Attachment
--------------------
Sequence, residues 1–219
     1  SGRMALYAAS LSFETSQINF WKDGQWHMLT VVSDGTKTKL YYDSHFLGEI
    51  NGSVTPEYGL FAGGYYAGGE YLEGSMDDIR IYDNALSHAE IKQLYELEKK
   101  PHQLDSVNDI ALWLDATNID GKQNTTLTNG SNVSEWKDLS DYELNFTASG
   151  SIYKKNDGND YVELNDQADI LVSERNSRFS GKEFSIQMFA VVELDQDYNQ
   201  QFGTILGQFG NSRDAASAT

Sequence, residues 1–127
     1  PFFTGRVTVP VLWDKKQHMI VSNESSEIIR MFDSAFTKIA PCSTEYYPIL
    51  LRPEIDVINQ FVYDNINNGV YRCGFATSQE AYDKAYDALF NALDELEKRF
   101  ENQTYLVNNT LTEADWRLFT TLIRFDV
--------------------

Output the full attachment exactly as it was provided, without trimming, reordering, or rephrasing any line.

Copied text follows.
Sequence, residues 1–219
     1  SGRMALYAAS LSFETSQINF WKDGQWHMLT VVSDGTKTKL YYDSHFLGEI
    51  NGSVTPEYGL FAGGYYAGGE YLEGSMDDIR IYDNALSHAE IKQLYELEKK
   101  PHQLDSVNDI ALWLDATNID GKQNTTLTNG SNVSEWKDLS DYELNFTASG
   151  SIYKKNDGND YVELNDQADI LVSERNSRFS GKEFSIQMFA VVELDQDYNQ
   201  QFGTILGQFG NSRDAASAT

Sequence, residues 1–127
     1  PFFTGRVTVP VLWDKKQHMI VSNESSEIIR MFDSAFTKIA PCSTEYYPIL
    51  LRPEIDVINQ FVYDNINNGV YRCGFATSQE AYDKAYDALF NALDELEKRF
   101  ENQTYLVNNT LTEADWRLFT TLIRFDV